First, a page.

Comments on: Similarity Scores – How Many Clicks to Babe Ruth? This and that about baseball stats. Tue, 16 Jul 2013 17:01:55 +0000 hourly 1 By: Jesse R. Sat, 18 Dec 2010 09:00:25 +0000 I wanted to connect Carlos Quintana to Babe Ruth, but I accidentally switched to pitchers when I clicked on Al Orth. I'm not sure if oscillating between similar pitchers and similar batters is within the rules, but I did stay away from the "Similarity By Age" lists; I know DavidRF considers that cheating. I was happy I included Terry Francona, too (who, apparently, hit about as well as dead ball era pitchers hit).

1. Carlos Quintana
2. Terry Francona
3. Al Orth
4. Red Donahue
5. Red Ehret
6. Jimmy Ring
7. Sid Hudson
8. Slim Harriss
9. Max Butcher
10. Jim Tobin
11. Ed Willett
12. Phil Douglas
13. Bob Rhoads
14. Charlie Ferguson
15. Carl Lundgren
16. Babe Ruth

By: Most similar players traded for each other » Baseball-Reference Blog » Blog Archive Fri, 17 Dec 2010 11:34:12 +0000 [...] on to our fun with Similarity Scores, reader Rick Jennings wrote in with the following trivia [...]

By: Joseph Thu, 16 Dec 2010 19:40:38 +0000 Hey! This is a fun game. But I gave up on Enzo Hernandez after about 100 clicks--I did get it to Billy Ripken, who seems to be on most lists posted above-- thought that might be the way, but I just couldn't find it.

By: Pat Lynch Thu, 16 Dec 2010 19:19:30 +0000 Hehe! This is so funny, I've been doing this for years! I do sometimes cheat with ranked by age, but I swear I can get there faster than most of the others. Try some other games like trying to get from Ichiro to Sandberg, it's a blast!

By: Jeff J. Thu, 16 Dec 2010 15:41:41 +0000 @61

17K big leaguers is also not 6 BILLION people

By: Jeff J. Thu, 16 Dec 2010 15:40:45 +0000 @57

What would be cool is linking from Babe Ruth first as a pitcher/hitter, through someone like Monte Ward, and then back to Babe Ruth as a hitter/pitcher (the one that you didn't start with)

By: wendell Thu, 16 Dec 2010 14:54:07 +0000 I got from Rafael Belliard to Ruth in 45 clicks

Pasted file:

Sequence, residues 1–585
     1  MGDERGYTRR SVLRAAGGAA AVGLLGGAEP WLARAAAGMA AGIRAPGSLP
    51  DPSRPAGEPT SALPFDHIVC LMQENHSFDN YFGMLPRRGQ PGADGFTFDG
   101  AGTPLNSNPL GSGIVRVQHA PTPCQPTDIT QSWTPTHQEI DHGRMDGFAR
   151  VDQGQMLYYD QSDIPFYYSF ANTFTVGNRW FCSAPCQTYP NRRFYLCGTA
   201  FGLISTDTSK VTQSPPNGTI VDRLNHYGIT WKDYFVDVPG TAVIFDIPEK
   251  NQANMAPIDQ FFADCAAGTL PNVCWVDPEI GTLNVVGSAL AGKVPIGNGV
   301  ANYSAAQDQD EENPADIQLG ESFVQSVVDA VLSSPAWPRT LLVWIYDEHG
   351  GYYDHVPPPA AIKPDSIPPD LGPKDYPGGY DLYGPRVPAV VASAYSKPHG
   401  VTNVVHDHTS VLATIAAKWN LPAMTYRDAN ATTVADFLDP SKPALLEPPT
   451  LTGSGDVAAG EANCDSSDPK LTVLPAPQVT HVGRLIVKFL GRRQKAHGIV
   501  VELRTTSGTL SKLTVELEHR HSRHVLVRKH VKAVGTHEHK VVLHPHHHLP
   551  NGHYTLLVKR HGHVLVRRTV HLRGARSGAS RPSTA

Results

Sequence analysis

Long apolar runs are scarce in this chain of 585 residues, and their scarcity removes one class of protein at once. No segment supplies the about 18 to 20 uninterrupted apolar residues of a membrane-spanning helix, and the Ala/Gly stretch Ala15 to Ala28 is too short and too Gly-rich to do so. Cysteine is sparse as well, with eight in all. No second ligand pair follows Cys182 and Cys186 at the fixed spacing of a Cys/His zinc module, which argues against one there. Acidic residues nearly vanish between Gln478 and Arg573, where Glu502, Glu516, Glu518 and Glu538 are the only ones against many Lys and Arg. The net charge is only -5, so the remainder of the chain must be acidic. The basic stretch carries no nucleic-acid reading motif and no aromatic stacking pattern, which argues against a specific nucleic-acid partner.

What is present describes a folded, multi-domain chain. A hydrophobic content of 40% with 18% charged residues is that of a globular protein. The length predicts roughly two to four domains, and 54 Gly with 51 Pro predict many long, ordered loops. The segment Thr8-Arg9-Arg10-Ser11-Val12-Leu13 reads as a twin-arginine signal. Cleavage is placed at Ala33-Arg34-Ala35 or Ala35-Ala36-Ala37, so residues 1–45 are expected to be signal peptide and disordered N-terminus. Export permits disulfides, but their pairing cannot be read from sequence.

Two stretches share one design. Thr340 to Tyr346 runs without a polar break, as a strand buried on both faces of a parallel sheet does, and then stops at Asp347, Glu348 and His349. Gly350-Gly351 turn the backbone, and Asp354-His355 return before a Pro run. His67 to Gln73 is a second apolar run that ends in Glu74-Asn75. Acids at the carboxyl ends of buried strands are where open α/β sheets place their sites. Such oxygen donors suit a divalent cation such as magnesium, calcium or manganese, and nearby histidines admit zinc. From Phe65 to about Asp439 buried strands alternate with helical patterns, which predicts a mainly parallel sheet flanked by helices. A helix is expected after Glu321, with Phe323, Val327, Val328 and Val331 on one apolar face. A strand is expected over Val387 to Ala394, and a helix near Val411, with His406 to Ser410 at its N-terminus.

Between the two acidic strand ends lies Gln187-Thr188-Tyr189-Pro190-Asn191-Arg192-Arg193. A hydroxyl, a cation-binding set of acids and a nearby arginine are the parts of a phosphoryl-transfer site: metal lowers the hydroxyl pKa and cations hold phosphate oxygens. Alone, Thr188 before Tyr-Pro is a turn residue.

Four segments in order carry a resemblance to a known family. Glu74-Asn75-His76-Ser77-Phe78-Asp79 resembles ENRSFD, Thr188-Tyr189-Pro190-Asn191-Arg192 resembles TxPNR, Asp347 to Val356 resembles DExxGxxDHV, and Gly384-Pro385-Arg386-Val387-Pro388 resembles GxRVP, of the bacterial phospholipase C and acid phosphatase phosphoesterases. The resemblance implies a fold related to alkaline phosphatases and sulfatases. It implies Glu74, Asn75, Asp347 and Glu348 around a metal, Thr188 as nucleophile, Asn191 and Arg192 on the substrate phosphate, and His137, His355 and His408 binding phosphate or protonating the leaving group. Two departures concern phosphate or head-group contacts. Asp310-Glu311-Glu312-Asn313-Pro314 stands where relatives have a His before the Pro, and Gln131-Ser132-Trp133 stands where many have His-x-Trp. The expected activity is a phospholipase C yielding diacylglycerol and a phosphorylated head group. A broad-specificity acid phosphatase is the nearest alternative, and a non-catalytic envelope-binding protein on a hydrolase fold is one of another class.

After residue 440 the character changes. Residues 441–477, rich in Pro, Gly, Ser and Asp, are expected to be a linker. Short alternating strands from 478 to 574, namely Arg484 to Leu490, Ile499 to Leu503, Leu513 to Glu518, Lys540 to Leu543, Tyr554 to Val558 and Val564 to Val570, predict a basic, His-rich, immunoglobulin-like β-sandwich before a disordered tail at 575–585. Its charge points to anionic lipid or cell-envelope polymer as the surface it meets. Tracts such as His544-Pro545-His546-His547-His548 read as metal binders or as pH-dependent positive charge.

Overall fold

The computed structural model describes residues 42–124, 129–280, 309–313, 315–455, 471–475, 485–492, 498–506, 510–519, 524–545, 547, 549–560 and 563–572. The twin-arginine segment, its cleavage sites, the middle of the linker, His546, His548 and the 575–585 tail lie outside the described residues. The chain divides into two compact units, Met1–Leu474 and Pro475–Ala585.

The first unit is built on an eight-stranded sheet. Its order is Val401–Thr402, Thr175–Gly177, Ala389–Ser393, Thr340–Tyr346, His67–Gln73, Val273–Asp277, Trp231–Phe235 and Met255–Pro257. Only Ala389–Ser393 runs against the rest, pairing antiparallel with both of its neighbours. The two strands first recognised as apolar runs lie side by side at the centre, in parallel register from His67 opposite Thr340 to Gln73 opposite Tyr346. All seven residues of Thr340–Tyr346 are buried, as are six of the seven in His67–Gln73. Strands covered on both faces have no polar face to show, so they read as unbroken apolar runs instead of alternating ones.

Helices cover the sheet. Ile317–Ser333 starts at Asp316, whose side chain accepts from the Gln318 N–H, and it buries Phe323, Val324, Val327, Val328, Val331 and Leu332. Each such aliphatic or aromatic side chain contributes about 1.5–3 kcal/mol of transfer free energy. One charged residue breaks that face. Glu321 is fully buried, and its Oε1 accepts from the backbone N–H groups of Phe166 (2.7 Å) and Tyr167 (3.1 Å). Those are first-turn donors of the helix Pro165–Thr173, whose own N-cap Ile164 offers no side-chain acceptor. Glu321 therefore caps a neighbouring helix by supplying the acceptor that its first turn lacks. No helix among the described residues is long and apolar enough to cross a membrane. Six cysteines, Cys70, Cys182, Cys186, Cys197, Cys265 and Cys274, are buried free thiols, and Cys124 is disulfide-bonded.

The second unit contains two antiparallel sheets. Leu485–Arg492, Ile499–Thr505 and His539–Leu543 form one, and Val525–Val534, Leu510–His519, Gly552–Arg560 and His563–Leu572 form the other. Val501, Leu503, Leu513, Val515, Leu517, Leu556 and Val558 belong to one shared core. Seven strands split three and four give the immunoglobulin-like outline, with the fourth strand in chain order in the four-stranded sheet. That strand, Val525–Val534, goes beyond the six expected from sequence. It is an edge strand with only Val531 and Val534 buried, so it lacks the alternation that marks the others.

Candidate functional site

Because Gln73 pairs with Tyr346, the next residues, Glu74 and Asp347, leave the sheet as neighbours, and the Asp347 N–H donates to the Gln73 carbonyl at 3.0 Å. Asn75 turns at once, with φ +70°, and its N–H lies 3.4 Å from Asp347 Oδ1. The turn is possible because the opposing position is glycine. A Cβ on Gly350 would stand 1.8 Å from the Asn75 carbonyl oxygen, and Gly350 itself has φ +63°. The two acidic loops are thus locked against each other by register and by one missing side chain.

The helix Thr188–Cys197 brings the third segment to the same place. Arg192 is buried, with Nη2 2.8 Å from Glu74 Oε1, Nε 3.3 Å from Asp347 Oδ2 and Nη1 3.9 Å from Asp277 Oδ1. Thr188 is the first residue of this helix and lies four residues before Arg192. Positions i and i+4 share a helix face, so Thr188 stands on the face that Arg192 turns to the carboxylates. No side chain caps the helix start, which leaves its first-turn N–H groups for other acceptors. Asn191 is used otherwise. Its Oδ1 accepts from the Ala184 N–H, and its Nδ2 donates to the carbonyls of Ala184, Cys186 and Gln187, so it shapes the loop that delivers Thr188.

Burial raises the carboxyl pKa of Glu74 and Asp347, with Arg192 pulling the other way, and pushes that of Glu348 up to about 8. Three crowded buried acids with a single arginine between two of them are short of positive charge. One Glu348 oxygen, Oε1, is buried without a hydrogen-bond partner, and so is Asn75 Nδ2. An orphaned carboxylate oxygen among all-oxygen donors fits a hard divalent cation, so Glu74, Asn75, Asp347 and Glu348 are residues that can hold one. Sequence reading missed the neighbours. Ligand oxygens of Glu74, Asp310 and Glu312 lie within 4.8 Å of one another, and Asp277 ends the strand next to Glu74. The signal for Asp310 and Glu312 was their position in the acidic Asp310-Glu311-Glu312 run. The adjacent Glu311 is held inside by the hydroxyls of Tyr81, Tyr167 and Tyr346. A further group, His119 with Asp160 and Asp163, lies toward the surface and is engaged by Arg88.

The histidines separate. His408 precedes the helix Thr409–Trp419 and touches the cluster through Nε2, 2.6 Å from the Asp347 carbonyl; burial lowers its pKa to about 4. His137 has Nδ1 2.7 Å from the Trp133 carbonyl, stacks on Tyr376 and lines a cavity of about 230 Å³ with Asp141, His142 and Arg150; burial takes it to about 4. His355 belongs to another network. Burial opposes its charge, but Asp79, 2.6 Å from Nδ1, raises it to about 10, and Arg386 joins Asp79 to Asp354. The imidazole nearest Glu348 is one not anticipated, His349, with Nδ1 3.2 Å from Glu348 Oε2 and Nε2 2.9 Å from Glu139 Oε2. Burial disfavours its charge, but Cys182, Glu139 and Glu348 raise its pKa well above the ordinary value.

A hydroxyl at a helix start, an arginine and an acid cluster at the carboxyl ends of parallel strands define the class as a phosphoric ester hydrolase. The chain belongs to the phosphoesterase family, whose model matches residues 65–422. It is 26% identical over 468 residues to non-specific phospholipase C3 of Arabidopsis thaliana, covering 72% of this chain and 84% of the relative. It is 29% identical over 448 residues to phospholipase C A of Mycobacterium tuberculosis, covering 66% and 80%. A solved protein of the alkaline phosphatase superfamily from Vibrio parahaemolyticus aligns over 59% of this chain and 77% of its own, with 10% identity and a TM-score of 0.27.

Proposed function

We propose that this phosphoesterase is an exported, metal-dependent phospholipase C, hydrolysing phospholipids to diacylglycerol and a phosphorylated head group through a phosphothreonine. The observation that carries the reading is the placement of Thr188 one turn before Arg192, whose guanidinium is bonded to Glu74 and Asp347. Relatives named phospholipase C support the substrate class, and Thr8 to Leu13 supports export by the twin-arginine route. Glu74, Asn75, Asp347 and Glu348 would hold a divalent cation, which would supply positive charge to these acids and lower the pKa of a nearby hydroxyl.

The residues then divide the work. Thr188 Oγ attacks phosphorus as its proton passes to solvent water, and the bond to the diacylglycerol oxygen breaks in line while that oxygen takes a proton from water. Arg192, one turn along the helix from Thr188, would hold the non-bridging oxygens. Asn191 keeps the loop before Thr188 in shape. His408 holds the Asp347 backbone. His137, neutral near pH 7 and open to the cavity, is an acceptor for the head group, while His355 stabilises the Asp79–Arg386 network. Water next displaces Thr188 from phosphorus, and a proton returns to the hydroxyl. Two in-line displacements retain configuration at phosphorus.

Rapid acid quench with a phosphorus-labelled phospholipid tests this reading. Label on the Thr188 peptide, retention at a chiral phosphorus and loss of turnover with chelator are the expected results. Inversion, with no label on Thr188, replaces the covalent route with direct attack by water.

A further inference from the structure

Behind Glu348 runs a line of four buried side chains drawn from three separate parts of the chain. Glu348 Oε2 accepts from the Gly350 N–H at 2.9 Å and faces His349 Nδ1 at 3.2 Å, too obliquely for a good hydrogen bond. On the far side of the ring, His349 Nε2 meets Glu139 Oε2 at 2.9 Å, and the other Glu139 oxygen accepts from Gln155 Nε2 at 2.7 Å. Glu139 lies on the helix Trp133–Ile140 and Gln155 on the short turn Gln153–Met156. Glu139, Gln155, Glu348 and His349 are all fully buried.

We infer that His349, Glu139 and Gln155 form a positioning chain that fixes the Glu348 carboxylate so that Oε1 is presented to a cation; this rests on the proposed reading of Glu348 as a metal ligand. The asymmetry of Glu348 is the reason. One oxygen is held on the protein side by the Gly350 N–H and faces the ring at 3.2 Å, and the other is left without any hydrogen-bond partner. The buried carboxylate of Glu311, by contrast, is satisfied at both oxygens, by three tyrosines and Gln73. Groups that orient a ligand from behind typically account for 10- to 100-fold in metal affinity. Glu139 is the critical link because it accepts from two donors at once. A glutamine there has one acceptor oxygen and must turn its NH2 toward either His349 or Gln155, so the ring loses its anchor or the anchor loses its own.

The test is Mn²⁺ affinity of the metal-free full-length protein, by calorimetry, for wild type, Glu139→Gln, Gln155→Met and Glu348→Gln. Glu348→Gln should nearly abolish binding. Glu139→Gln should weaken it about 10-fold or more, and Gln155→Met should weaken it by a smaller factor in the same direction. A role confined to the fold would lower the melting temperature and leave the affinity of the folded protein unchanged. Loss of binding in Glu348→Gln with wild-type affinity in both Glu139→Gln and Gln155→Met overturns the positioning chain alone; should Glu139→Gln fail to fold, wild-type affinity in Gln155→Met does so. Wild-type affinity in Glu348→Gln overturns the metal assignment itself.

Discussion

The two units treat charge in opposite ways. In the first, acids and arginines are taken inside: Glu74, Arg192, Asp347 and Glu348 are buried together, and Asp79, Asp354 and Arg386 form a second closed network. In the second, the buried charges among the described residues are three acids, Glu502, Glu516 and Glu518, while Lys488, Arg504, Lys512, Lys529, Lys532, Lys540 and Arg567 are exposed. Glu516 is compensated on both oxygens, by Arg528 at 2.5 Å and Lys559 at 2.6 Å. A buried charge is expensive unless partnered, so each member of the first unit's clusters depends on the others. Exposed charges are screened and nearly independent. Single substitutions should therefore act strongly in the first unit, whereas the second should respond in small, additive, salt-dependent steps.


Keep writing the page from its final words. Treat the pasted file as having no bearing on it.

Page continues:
Belliard hit a grand total of 2 HR but still played for 17 seasons.

By: Andy Thu, 16 Dec 2010 14:39:38 +0000 Pursuant to Michael's excellent comment at #61 and #1 about the Oracle of Bacon, we have here the Oracle of Baseball:

Where you can connect teammates. Just like Michael says, it rarely takes more than 6 links to connect any two baseball players.

By: Michael E Sullivan Thu, 16 Dec 2010 14:35:42 +0000 There was once a proof in a similar game that the number would not be greater than 6. Paul Erdos was a mathematician who published papers with a very wide variety of different colleagues. Someone (maybe Erdos himself, I don't recall) suggested that one could count a mathematician's (or anybody in related fields who published with mathematicians) Erdos number by how many people you had to go through to get to Erdos, where you can link through anyone you have published a paper with.

I believe that it was proven that all finite Erdos numbers were <=6 or some such fairly small number. There were a number of people who could not link to Erdos in this way, but everyone who did at all, could be linked within 6 or 7 steps.

This is related to the 6 degrees of separation concept, where it is astronomically unlikely that any given pair of people anywhere in the world cannot be linked in <= 6 steps through people where each link is between two people who personally know each other.

I would think similarity scores is a tougher nut, because we've artificially limited the space to top 10, while almost all people know many more than 10 people, and a fair number of mathematicians (for instance, Erdos) have co published with far more than 10 other authors.

But that said, 10^6 is around 1 million, which massively overwhelms the sample space of major league baseball players. So I'd hardly be surprised to discover that the largest defined Ruth number is fairly low. A lot of that meandering around with weak players until you find the key guy with decent stats can probably be cut to 2-3 links if we do a real analysis of the graph, and find those weak players who happen to link well.

Players with highly unusual stats should generally represent good link points in this game. In order to jump dramatically in quality, you need people who are much better than you to be more similar to you than most of the players who are about as good. If a player has highly unusual stats, there is a good chance that any player who is unusual in the same way will show up on their similarity list, even if they were much better or worse as a player.

By: Raker Thu, 16 Dec 2010 13:22:57 +0000 I've played this game for years. It started for me when I tried to click from Babe Ruth to Horace Clarke. I got my brother playing this also.

The interesting thing about this game is Babe Ruth is kind of a pivot point for all players because of his great pitching numbers. As it should be, The Babe is the connecting tissue for baseball's history.

I usually try to make connections by using only 5 clicks. For example, The Babe is only 2 clicks from David Segui and just 3 from Jay Payton! Also, because of the Babe, guys like Frank Robinson are only 3 or 4 clicks from guys like Dwight Gooden and Bob Welch.